Drake King tried high school football. It wasn’t his thing.
He’s more the hunting-fishing type, which in the past meant there wasn’t a competitive high school sports team for him.
Now there is.
High school fishing teams are popping up all over the state; there are 17 so far, according to the S.C. Department of Natural Resources.
King, a Chapin High junior, will join students from many of those teams Saturday at The Bass Federation of South Carolina Junior Championship on Lake Murray. Chapin and White Knoll are the only schools with teams in Richland and Lexington counties.
The natural resources agency has provided guidance — part of its bid to get more kids involved in outdoors activities — but most of the teams have bubbled up on their own from student interest. King was the impetus behind the Chapin team.
“It’s the one sport that I absolutely love to do,” King said. “I heard about other (high school) teams and decided to try to get one going here. It was very stressful; it still is. It was all me at first getting it started.”
He had to recruit at least six other students willing to pay the $40 fee to join a national high school fishing organization and the $30 in gas money they’re required to give to the owners of boats they use in tournaments. They had to find adults willing to drive boats for them during competition. And they had to find a school representative willing to take responsibility for a new program.
Ken Wilson already coached wrestling and football at Chapin, but he was willing to pick up another sport.
“If I’m not coaching, I’m fishing, so I figured why not?” Wilson said. “Anytime you get a chance to get a group of kids together to do a worthwhile thing, I can’t turn them down.”
He found that King and the other young anglers didn’t need a lot of coaching. “I’ve been in charge of running the meetings,” Wilson said. “But those kids are in charge of running the show.”
King eventually rounded up nine students who loved to fish and had the time to devote to the sport. Because the team got a late start on this season, only six anglers managed to fish in at least two qualifying tournaments, a requirement for entry in the state tournament. One two-man Chapin entry — Brad Williamson and Cory Powers — managed to finish third at the S.C. High School State Bass Fishing Championships on Lake Greenwood in April.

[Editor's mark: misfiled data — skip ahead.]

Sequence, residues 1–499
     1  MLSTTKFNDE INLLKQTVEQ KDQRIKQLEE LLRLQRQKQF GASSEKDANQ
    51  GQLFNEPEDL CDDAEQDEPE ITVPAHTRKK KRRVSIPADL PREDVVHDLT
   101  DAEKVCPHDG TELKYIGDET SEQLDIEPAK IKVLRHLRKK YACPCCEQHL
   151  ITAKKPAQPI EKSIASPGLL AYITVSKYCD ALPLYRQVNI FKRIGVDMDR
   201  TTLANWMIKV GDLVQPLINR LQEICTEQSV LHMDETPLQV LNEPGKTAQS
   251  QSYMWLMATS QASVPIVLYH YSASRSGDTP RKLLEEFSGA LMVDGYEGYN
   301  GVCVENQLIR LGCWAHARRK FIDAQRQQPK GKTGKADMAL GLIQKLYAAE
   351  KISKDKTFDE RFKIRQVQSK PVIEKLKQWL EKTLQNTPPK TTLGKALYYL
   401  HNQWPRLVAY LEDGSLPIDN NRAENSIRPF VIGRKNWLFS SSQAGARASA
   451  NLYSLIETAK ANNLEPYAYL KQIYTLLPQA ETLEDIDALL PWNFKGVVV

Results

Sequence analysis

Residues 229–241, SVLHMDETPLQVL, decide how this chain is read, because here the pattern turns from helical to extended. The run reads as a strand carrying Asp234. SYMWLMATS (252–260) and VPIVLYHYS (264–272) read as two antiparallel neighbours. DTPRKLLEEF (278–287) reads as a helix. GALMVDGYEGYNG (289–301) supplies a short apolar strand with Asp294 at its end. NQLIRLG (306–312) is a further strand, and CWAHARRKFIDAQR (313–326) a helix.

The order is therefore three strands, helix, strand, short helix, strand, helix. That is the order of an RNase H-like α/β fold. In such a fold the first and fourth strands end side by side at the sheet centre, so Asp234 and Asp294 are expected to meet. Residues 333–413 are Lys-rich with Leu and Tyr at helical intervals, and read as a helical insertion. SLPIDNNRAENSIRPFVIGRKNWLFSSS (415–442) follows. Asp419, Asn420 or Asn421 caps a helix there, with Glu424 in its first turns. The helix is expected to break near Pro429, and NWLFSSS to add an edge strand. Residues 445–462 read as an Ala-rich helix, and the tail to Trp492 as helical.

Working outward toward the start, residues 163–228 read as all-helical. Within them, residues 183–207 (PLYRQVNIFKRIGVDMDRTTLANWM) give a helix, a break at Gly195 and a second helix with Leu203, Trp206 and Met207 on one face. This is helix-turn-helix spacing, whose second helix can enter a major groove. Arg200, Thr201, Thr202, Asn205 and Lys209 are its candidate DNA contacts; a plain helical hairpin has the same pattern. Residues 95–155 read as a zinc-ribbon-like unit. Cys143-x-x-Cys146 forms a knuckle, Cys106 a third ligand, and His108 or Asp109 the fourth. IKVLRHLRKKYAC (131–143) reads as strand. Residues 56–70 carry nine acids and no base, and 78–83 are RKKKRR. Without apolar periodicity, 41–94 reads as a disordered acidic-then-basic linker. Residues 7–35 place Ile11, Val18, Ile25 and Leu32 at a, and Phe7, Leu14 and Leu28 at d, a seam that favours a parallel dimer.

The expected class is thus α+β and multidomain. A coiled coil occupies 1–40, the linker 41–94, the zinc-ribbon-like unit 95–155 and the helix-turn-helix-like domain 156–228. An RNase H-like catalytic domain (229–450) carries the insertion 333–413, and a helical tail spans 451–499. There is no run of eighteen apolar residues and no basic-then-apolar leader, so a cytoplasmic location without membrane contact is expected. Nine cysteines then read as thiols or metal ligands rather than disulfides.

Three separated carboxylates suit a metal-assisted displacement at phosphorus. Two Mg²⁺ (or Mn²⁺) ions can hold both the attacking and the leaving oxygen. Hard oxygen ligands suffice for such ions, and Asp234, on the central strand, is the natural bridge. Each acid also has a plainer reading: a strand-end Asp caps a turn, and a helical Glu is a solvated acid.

Fishing isn’t an official S.C. High School League-sanctioned sport yet. So the team of Hampton Anderson and Eli Rowland of T.L. Hanna, who won the Lake Greenwood event, won’t be listed in the state high school sports record books. The depository for high school fishing records is www.highschoolfishing.org, where Anderson already has two entries. He won the 2011 state title with teammate Harrison Bramlette, who graduated that year.
The tournaments are similar to professional bass fishing events. Anglers weigh in a maximum of five fish caught during a specified period. Heaviest total wins.
White Knoll assistant principal John Nix was the impetus behind the White Knoll team, inspired by an email from DNR detailing how to start a program.
“As assistant principal, you do a lot of discipline and negative stuff with the kids,” Nix said. “I wanted them to see something positive.”
After he made an announcement about the possibility of starting a team, about 30 kids initially signed up. Only about a dozen showed up at the first meeting, and only six stuck it out. That’s just enough because most tournaments require three two-person teams.
“They’re really committed to it,” Nix said. “Those six aren’t competing in any other sports. This allows something for students who aren’t involved in those other sports.”
The White Knoll pair of Chadwick Wiggins and William Widener finished fourth in the Lake Greenwood event.
While they spend some time practicing fishing on the lake, the high school anglers spend as much time reading and researching about fish habitat and habits. It’s much more involved and detailed than you might think.
“This whole sport of bass fishing is not just going out with crickets and worms and sitting on the bank,” Nix said.
King has learned about when the fish spawn, why they go for different bait at different times of the year, why they’re more active at various times of the day or at various depths in the water. He has also gained a new appreciation for his father, who drives the boat for him and his fishing teammate.
“We couldn’t do this without parent support,” King said. “My dad has done anything and everything to help me with this.”
As word has gotten out about the team, other students have come to King asking about joining.
“I have people now coming to me begging to be on the team,” he said. “Next year, we’re going to have enough that we’ll have to go to a point system to determine who’s in the top six.”